Last year I was lucky enough to be lead facilitator at the TED Fellows Collaboratorium event in New Orleans. The event was to bring together the brilliant young TED Fellows group with coaches and mentors, working on real issues in quite large groups – something of a facilitational challenge. As part of my role I wrote a facilitators’ guide, stressing (as I usually do) the importance of small steps in building a bridge between a challenging situation and a workable way forwards.
The main organiser of the event made a few changes to the guide, adding the word Kaizen (in brackets) after ‘small steps’, so it read ‘small steps (Kaizen)’. This got me wondering… how are these two philosophies related?
You have very likely heard about Kaizen. Usually referred to as ‘continuous improvement’, it has a long and noble history in manufacturing and elsewhere as a way of driving change and enhancement, often with small steps. One website assesses thatToyota implements thousands of small changes a year in pursuit of higher quality and better customer service. These changes can come from suggestion schemes, quality circles, TQM activities, customer surveys and anywhere which can help the company produce better value.
In Solution Focused (SF) work, we also use the idea of small steps. These typically come following a conversation around a very stuck situation, where those concerned step around questions about causes of the problem and whose fault it all is, and focus instead on building understanding about (a) a better future, where the problems have vanished, and (b) times in the past when things have worked (even a little). The small steps then build on the solution-focused past (everything that’s working already) and move a little way towards a better future. Whatever positive change is produced (and there usually is some) can be recycled into further input for progress. I’ve just produced a Youtube video about this – well worth five minutes of your time if you don’t know about SF yet.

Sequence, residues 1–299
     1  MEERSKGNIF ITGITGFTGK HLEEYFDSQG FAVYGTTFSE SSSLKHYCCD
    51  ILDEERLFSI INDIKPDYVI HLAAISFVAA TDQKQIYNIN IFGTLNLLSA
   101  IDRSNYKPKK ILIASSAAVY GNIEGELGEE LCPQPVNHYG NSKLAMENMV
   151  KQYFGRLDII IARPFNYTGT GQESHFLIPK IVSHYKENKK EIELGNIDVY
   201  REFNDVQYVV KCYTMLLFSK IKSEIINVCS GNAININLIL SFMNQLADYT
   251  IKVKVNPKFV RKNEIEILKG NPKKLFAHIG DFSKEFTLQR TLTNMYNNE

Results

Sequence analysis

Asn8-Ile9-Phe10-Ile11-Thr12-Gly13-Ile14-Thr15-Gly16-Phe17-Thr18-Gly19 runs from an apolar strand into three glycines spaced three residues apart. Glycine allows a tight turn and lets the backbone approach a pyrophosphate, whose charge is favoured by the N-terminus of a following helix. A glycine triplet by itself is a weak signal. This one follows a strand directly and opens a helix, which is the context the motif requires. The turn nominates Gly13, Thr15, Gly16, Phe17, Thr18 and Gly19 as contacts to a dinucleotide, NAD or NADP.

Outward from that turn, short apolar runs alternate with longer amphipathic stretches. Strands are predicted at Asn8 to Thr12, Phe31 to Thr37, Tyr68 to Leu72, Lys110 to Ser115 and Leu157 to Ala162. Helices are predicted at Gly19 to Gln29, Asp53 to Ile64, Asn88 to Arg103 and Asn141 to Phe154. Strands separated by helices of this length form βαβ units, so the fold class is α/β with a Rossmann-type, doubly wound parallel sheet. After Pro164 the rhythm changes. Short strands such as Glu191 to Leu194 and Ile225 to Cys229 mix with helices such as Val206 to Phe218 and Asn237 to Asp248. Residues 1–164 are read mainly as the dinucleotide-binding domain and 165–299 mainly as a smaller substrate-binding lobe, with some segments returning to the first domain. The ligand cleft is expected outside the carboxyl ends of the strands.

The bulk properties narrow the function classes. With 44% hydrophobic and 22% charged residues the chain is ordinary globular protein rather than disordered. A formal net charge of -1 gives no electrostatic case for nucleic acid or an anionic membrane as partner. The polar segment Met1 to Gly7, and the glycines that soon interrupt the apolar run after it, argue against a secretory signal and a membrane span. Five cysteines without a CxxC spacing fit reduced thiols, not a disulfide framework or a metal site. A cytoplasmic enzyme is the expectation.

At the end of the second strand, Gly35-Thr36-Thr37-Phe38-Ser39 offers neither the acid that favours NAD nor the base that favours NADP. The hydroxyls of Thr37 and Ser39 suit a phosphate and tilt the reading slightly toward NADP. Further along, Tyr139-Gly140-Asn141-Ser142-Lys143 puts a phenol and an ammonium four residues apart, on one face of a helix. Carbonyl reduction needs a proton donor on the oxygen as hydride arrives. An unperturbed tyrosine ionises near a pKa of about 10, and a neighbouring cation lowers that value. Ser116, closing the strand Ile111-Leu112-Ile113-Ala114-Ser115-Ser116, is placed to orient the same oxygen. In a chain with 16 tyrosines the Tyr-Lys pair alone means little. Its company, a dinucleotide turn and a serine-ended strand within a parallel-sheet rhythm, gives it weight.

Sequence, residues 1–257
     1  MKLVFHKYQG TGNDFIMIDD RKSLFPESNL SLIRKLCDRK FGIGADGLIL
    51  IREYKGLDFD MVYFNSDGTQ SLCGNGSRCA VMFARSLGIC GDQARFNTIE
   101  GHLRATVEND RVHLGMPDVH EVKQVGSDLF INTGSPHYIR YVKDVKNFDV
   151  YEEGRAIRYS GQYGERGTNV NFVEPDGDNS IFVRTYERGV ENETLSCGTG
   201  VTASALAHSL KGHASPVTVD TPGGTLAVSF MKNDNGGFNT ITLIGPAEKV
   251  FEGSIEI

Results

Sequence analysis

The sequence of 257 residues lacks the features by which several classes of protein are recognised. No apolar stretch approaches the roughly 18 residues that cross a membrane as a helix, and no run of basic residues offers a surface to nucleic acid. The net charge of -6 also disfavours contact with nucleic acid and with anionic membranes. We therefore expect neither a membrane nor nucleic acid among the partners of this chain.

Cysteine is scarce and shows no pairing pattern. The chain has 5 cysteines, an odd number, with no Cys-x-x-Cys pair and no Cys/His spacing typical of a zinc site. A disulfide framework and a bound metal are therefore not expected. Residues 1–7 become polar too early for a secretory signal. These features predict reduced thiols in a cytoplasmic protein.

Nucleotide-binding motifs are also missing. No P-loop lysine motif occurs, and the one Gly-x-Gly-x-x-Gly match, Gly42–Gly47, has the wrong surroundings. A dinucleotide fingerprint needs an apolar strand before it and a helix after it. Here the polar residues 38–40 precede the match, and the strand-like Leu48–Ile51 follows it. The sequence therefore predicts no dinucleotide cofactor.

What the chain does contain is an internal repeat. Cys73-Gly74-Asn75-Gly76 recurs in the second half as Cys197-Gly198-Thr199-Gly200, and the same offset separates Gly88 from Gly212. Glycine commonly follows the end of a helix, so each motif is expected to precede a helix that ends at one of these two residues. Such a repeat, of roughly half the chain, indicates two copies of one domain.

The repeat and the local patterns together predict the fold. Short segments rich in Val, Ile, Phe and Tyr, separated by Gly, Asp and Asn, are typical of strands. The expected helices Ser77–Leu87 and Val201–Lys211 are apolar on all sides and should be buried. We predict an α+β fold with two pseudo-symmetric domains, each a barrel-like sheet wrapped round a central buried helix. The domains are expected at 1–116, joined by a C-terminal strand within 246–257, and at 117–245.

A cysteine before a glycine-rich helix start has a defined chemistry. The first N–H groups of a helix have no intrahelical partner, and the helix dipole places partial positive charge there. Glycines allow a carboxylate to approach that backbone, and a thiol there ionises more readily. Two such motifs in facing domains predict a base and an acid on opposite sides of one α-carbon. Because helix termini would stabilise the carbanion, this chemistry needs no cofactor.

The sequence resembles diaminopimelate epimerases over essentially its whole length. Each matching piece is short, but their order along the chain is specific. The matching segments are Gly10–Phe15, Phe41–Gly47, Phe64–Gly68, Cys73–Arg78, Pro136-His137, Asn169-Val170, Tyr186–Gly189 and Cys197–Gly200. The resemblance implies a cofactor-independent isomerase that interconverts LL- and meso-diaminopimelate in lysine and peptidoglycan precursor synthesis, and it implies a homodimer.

It seems to me that there is at least one key difference here. In Kaizen, the small steps all add up progress in a broadly known direction. In SF, where things are probably stuck initially, the clarity about direction itself is a product of the work. We might therefore say that in SF, the small steps are particularly key as they are in NEWLY COHERENT DIRECTION.
When these steps (or other emerging steps) are taken in this new direction, the impact is much more mould-breaking – a confirmation that progress is not only possible but within reach. Once signs of progress are visible, those concerned can be confident that they are somewhere on the right track and can use all kinds of methods (including Kaizen) to build on it. Perhaps this is why so much SF work is ‘brief’ – once there is direction (which is shared) and momentum (movement in that direction), then the issue becomes one of continuing and building progress.
As a ‘recovering’ physicist, I enjoy asking people what’s the bigger difference – a small step vs a large step, or no step at all vs a small step? Mathematically, anyway, (and also in my experience), the second of these (replacing no step with a small step) is hugely bigger. The stuckness, hopelessness and uncertainly are replaced with hope and energy – and some small steps. Which is a very large step indeed.
(Author’s note – the references to ‘Kaizen’ in this article refer to the practice of continuous improvement and not to my good friends at Kaizen Training (http://www.kaizen-training.com/) who are themselves great SF enthusiasts.)